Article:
Passengers banned from U.S. airlines top 2,700, with dozens added in wake of Capitol riot

 Passengers banned from U.S. airlines top 2,700, with dozens added in wake of Capitol riot
(Source: Southwest, CNN)

(CBS News) - During an Alaska Airlines flight from Washington, D.C. to Seattle last week, a number of passengers refused to wear masks and harassed crew members, the airline said. In response, Alaska banned 14 of the passengers on that Thursday flight — just some of a growing number of disruptive passengers airlines are putting on their own no-fly lists. And now the Federal Aviation Administration has announced it will start taking legal action over such behavior going forward.

Calling those passengers “rowdy” and “argumentative,” Alaska Airlines said in a statement it has banned more than 300 passengers since August for violating its mask policy.

“Their behavior was unacceptable. Because of their actions and non-compliance, we have banned 14 of those passengers from future travel with us,” the airline said. “We apologize to our other guests who were made uncomfortable on the flight. We will not tolerate any disturbance on board our aircraft or at any of the airports we serve.”

The lists compiled by individual airlines — different from the federal no-fly list, which aims to block suspected terrorists from the skies — has swelled to more than 2,700 people, CBS News has confirmed.  The flight bans grew out of mask requirements put in place due to the coronavirus. Most flight bans will last until those mask policies are suspended at the end of the pandemic.

Many of the bans have occurred in the last week, after the violent riot at the U.S. Capitol.

The order signed Wednesday by FAA Administrator Steve Dickson means unruly passengers will no longer get a warning or counseling, which the agency said had been common practice in such incidents.

“The FAA has seen a disturbing increase in incidents where airline passengers have disrupted flights with threatening or violent behavior. These incidents have stemmed both from passengers’ refusals to wear masks and from recent violence at the U.S. Capitol,” the FAA’s announcement states.

The lists compiled by individual airlines — different from the federal no-fly list, which aims to block suspected terrorists from the skies — has swelled to more than 2,700 people, CBS News has confirmed.  The flight bans grew out of mask requirements put in place due to the coronavirus. Most flight bans will last until those mask policies are suspended at the end of the pandemic.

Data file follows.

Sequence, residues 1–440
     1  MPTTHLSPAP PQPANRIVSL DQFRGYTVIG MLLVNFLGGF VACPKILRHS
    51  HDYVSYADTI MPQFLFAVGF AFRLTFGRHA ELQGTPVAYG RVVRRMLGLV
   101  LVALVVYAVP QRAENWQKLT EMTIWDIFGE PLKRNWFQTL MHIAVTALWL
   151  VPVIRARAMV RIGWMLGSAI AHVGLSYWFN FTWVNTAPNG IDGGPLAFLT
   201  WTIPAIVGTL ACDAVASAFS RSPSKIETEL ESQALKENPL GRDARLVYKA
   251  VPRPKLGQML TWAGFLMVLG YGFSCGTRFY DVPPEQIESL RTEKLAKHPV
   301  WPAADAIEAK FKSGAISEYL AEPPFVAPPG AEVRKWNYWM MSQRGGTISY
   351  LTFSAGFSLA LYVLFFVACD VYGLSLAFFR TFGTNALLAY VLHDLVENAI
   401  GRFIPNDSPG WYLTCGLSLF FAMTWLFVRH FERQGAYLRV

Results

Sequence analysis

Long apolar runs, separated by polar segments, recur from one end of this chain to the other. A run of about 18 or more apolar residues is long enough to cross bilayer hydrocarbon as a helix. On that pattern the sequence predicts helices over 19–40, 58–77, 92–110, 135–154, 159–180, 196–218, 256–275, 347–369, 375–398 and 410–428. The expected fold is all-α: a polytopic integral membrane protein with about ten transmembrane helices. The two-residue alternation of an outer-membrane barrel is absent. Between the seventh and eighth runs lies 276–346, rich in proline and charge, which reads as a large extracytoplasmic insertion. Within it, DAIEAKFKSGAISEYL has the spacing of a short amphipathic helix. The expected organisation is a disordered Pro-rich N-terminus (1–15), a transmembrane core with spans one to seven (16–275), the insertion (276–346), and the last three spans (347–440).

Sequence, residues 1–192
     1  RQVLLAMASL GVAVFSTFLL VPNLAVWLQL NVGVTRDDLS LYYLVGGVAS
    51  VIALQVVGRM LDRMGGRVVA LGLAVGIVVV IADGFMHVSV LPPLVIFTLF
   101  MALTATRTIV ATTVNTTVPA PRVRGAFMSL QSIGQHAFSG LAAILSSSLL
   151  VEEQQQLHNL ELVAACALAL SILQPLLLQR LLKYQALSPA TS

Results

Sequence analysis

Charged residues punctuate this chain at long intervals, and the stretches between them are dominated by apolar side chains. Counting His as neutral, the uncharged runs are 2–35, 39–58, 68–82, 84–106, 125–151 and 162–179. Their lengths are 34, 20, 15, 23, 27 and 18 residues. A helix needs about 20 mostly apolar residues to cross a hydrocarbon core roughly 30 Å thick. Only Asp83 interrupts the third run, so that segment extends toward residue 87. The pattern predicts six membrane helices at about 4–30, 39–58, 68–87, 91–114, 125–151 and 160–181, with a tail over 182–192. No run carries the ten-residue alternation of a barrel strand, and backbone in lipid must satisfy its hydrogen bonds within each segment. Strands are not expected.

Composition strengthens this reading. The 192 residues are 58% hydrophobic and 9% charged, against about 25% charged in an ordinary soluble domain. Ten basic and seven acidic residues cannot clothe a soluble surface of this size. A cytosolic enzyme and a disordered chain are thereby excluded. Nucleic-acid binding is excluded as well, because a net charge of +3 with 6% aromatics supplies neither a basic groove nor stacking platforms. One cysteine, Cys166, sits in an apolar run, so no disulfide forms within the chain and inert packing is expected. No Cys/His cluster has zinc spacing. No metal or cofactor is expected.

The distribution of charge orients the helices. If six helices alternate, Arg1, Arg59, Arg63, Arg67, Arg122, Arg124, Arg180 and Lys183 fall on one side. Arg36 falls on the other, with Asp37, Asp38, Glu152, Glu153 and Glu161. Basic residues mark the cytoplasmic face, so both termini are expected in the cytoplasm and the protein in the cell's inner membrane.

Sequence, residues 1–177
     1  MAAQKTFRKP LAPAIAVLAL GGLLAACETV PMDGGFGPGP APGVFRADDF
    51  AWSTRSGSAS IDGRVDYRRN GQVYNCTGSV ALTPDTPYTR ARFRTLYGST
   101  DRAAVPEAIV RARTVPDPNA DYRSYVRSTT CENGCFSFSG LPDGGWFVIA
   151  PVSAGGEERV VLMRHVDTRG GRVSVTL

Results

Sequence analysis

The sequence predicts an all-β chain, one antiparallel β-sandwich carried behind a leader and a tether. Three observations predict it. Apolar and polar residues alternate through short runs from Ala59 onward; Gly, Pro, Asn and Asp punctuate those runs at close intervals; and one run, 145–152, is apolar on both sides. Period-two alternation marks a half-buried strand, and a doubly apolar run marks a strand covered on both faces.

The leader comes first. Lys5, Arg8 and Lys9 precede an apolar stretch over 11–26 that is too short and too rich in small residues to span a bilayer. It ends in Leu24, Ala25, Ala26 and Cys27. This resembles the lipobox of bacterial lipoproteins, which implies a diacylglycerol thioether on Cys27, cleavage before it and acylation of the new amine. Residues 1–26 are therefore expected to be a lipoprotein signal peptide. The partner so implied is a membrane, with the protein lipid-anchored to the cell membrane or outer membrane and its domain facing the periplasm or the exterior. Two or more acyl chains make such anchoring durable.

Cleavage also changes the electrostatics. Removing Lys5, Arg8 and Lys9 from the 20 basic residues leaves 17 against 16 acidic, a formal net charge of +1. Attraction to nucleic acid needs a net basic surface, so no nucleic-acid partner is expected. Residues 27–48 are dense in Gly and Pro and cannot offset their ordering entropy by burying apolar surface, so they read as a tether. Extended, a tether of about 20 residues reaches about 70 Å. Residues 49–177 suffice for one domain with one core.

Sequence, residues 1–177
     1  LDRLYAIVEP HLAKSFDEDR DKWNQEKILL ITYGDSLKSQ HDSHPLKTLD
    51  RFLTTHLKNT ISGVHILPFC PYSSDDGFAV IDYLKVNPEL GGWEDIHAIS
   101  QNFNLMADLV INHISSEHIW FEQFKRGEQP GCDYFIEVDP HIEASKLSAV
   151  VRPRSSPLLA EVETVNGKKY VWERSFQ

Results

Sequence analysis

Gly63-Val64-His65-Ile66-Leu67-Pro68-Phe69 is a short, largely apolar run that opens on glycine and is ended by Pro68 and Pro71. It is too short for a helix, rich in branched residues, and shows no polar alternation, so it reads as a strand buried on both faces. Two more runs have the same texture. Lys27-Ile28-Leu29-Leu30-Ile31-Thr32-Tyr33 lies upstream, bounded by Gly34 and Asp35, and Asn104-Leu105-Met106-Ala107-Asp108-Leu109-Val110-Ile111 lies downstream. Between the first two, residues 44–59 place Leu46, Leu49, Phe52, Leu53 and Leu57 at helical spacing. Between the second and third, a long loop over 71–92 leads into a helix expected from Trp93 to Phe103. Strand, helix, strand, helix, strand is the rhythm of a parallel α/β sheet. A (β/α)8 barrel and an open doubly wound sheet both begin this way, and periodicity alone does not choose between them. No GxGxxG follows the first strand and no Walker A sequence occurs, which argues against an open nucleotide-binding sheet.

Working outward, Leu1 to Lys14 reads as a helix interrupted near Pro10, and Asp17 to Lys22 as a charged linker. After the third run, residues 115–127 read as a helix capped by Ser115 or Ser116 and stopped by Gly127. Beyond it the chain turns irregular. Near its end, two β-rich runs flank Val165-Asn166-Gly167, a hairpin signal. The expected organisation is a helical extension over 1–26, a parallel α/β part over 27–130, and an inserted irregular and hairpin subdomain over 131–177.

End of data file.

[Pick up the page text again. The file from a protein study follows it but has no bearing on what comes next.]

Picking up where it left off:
Many of the bans have occurred in the last week, after the violent riot at the U.S. Capitol.

The order signed Wednesday by FAA Administrator Steve Dickson means unruly passengers will no longer get a warning or counseling, which the agency said had been common practice in such incidents.

“The FAA has seen a disturbing increase in incidents where airline passengers have disrupted flights with threatening or violent behavior. These incidents have stemmed both from passengers’ refusals to wear masks and from recent violence at the U.S. Capitol,” the FAA’s announcement states.

Disruptions at airports have prompted authorities to ramp up security at airports and onboard aircraft, a government security source briefed on the matter tells CBS News — including additional air marshals on flights into and out of the three airports in the National Capitol region, and officers at the gates of flights into those airports.

Video shared on social media in the wake of the riot showed protesters at airports confronting Utah Senator Mitt Romney, a Republican who has condemned the attacks and criticized President Trump; South Carolina Senator Lindsey Graham, also a Republican; and Representative Lou Correa, a Democrat from California.

CBS News has confirmed airports across the country are enhancing security and stepping up police presence in their terminals following the violence at the U.S. Capitol.

U.S. Capitol Police are also detailing officers to Dulles International Airport, Ronald Reagan Washington National Airport and Baltimore-Washington International Airport to help escort arriving and departing members of Congress.

By the numbers

CBS News asked U.S. airlines how many passengers have been banned since the implementation of mask requirements and compiled the answers below. While two of the largest carriers declined to give numbers, the total is more than 2,700 people.

Disruptions at airports have prompted authorities to ramp up security at airports and onboard aircraft, a government security source briefed on the matter tells CBS News — including additional air marshals on flights into and out of the three airports in the National Capitol region, and officers at the gates of flights into those airports.

Video shared on social media in the wake of the riot showed protesters at airports confronting Utah Senator Mitt Romney, a Republican who has condemned the attacks and criticized President Trump; South Carolina Senator Lindsey Graham, also a Republican; and Representative Lou Correa, a Democrat from California.

CBS News has confirmed airports across the country are enhancing security and stepping up police presence in their terminals following the violence at the U.S. Capitol.

U.S. Capitol Police are also detailing officers to Dulles International Airport, Ronald Reagan Washington National Airport and Baltimore-Washington International Airport to help escort arriving and departing members of Congress.

By the numbers

CBS News asked U.S. airlines how many passengers have been banned since the implementation of mask requirements and compiled the answers below. While two of the largest carriers declined to give numbers, the total is more than 2,700 people.